Sunday, Aug 18, 2019
Industry & Trade | Asia-Pacific | Japan


Bringing Next Generation Firefighting Equipment To Asia and Beyond

3 months ago

Mr Kazuhiro Hatsuta, President of Hatsuta Seisakusho Co., Ltd.
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Mr Kazuhiro Hatsuta

President of Hatsuta Seisakusho Co., Ltd.

In this interview for the Worldfolio, Mr. Kazuhiro Hatsuta, President of Hatsuta Seisakusho, discusses the business model that made the success of his company, and presents new innovative products, such as the ‘Cabinex-EWT,’ which are revolutionizing the firefighting equipment business.


Your company’s history stretches back to 1902. What were some of the most prevalent reasons for the introduction of your fire extinguishing business?

Firstly, Japan’s unique geographical and climatic conditions, such as the high-temperature and humidity make it a country different to all others. If we combine the fact that Japanese houses are often made of wood with these high-temperatures, it naturally increases the risk of fire. Secondly, the fact that 73% of Japan’s surface is composed of mountainous terrain forced populations to squeeze into few plain fields in order to live. As a result, Japanese cities can be defined as crowded. Naturally so, these two natural conditions influenced the house-building and construction industries. We started around the 1880s as we sold the first Japanese fire extinguishing bottle. However, fire prevention technologies existed way before that date. In the past, unlike European homes, Japanese houses were made of wood. This meant that when a fire started in these compact residential areas, it would spread very quickly. As such, fire prevention technologies were considered a necessity right from the start.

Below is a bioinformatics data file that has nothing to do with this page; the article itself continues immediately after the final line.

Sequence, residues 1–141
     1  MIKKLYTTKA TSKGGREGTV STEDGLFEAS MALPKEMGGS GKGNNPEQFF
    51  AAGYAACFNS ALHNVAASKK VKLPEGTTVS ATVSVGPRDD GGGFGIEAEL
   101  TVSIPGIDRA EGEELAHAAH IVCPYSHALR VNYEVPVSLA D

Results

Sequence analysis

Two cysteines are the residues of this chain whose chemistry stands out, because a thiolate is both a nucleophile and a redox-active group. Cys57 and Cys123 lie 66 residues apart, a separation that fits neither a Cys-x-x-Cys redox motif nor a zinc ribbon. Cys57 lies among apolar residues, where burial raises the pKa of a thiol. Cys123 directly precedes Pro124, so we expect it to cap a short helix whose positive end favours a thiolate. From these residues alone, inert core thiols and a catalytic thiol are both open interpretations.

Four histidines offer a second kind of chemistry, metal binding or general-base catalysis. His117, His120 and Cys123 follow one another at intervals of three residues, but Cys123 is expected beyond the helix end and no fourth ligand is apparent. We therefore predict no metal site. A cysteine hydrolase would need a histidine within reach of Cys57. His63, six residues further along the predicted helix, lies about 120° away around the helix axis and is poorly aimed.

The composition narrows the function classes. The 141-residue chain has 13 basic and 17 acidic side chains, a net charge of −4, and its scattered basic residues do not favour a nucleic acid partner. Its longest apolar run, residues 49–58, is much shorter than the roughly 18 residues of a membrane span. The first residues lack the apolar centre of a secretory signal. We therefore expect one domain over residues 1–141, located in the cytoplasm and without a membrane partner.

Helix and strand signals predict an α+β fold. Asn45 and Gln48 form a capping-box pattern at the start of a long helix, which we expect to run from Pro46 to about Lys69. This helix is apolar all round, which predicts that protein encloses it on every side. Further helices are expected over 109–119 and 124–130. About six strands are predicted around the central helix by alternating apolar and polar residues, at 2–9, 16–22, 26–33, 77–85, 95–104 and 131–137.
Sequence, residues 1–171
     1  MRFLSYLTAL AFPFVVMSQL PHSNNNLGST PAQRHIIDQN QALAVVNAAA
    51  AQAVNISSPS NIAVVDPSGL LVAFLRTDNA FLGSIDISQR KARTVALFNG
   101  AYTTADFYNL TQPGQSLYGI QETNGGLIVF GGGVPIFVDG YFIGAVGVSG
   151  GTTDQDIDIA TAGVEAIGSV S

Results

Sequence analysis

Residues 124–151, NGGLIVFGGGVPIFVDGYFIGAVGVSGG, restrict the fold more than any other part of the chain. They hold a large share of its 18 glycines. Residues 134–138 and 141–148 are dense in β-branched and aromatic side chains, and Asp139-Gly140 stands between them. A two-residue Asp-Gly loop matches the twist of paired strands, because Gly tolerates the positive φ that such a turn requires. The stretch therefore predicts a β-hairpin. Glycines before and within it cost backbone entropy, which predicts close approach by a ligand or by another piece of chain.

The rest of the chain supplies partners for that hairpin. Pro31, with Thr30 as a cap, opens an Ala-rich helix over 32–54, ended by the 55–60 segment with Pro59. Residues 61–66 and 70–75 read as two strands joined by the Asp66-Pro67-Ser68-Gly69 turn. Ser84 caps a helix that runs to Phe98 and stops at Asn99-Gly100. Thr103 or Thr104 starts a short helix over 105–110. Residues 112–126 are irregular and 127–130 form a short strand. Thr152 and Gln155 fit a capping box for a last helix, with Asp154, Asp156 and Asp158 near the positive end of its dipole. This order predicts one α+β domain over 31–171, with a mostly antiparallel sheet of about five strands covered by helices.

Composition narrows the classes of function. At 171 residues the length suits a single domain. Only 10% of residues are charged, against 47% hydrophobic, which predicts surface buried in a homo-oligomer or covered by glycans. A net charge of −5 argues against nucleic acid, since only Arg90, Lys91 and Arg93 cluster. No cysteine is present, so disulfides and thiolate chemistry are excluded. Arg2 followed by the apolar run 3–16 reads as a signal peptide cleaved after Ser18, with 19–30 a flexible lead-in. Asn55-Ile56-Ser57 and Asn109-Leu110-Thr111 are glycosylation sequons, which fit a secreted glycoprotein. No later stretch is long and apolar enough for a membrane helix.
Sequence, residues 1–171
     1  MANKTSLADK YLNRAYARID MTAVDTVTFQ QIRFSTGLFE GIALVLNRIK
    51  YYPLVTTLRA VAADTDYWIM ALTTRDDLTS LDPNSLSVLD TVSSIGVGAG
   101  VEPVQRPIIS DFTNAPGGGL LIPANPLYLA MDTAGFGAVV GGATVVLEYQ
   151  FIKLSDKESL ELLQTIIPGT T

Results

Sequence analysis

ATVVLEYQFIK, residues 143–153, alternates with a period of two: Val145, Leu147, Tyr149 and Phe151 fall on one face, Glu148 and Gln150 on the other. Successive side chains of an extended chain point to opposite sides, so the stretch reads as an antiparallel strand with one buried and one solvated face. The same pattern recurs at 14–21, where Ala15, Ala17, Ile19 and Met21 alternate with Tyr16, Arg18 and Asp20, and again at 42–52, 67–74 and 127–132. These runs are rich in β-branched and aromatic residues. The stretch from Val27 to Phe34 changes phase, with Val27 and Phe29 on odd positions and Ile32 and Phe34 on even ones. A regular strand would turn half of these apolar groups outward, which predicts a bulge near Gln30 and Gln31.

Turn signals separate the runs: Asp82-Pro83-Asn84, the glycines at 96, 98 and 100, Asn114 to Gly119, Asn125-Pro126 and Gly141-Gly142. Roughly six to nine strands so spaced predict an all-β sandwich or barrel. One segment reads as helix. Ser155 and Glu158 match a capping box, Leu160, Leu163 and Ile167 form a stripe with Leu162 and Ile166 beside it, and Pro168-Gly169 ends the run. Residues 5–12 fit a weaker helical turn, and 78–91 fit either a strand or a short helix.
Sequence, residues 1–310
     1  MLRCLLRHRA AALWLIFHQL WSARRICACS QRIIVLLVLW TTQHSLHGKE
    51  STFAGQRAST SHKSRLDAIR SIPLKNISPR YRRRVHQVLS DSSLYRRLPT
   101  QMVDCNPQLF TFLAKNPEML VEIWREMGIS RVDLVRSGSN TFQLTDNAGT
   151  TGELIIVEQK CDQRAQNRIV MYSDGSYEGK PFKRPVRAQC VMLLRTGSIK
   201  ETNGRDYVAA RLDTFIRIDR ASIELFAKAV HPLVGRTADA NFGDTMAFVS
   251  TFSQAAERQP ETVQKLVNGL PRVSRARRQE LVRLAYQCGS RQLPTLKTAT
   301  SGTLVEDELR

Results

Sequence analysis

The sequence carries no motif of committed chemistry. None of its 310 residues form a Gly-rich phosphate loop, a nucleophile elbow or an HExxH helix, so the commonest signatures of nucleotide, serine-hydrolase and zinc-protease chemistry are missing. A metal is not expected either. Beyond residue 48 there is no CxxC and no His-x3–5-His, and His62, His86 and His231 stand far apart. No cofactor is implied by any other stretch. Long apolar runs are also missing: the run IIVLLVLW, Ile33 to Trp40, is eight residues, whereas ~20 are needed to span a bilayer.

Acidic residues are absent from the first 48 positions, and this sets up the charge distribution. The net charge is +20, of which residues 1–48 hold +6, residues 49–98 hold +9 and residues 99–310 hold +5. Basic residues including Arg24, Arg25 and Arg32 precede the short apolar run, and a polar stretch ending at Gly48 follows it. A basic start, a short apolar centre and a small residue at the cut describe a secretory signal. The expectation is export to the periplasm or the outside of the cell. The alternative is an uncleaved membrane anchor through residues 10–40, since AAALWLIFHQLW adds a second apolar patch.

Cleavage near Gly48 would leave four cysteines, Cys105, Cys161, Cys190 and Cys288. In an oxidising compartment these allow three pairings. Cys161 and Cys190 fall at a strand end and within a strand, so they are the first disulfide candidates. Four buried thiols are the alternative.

Our history began in the 1880s with the first President of Kyoto’s Chamber of Commerce, Mr. Bunpei Takagi, who had a background in engineering. He went to an exhibition in Germany, saw fire extinguishers and learnt what it actually was. He was the first person to bring this idea to Japan and back to Kyoto. Why Kyoto? You may ask. Kyoto has a lot of historical monuments and temples, such as the ‘Golden Temple’ or the ‘Kinkakuji temple.’ As such, there was a necessity to preserve this historical heritage, especially when the said temples are made of wood. Consequently, Takagi-san deemed it important to bring this technology to Japan.


In the two last decades, we have seen that regional manufacturers have caught up on the technological advances of Japan, whilst benefiting from cheaper labor costs. In such a market environment, what are the competitive advantages of the “Made by Japan?”

Asia is composed of several countries and each of them has different types of necessities, which reflect different stages of development. China and ASEAN countries are obviously catching up with the development level of Japan, but this is simply an inevitable global trend. However, being able to manufacture a given item and being able to utilize it are two different topics. I believe that Japan will remain competitive when it comes to the “best usage” of technologies. Our ability to design a set of rules and usages will remain difficult to match.


As a company that manufacturers products in Japan and China how do you maintain a similar level of technology domestically and abroad?